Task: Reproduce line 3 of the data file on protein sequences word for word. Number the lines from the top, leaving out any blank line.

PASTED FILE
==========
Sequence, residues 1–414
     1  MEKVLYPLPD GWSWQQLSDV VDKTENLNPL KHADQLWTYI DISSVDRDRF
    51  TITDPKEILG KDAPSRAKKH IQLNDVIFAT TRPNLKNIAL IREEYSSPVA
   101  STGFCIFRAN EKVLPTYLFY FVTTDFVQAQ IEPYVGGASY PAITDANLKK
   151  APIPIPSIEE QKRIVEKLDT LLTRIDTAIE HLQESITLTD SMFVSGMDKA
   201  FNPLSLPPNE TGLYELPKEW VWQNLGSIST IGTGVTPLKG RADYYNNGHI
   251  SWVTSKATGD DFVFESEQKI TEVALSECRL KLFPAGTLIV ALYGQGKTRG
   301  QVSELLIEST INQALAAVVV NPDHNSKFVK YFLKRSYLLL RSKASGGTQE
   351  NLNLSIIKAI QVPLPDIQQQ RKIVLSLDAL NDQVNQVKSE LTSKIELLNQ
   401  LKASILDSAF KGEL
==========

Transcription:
    51  TITDPKEILG KDAPSRAKKH IQLNDVIFAT TRPNLKNIAL IREEYSSPVA